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Public Prayers at High School Graduations

Prayers may violate the First Amendment.

Key point. Student-initiated and led prayers at public high school graduation ceremonies may violate the first amendment's nonestablishment of religion clause, even if the senior class votes in favor of a prayer and a notice is placed in graduation programs informing attendees that the prayer is not endorsed by the school.

A federal appeals court ruled that a graduating senior could not recite a prayer at a public high school graduation ceremony, even though the senior class voted to include the prayer. A public high school adopted a policy allowing the senior class to conduct a poll of the graduating class to determine whether it wanted "a prayer, a moment of silence, or nothing at all" to be included in the graduation ceremony. The senior class elected to include a prayer, and a graduating senior was selected to give the prayer. School policy mandated that a disclaimer be printed ...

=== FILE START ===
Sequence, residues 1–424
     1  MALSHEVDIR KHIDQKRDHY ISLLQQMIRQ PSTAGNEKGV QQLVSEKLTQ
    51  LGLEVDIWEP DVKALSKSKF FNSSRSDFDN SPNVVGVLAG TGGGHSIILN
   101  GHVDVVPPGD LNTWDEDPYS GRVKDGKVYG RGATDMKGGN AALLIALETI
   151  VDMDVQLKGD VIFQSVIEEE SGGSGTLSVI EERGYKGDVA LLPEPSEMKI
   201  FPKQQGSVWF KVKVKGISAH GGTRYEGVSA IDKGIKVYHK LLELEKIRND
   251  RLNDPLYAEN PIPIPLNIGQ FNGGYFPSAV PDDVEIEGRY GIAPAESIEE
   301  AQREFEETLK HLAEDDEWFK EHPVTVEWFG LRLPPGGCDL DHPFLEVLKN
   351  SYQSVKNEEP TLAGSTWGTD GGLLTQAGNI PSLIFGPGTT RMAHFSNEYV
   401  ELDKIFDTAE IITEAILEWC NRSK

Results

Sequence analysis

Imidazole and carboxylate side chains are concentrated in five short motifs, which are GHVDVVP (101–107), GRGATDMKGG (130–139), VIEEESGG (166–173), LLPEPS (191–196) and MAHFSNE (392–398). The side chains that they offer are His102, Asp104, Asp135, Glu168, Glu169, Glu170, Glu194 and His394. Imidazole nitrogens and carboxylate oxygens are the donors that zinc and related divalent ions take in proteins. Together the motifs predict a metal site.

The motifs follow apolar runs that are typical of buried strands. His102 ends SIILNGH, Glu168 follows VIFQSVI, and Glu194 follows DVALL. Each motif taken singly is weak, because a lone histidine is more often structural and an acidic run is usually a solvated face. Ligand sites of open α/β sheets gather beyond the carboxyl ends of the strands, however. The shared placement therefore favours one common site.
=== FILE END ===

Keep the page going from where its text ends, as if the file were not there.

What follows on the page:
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Richard R. Hammar is an attorney, CPA and author specializing in legal and tax issues for churches and clergy.

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  • May 1, 1997

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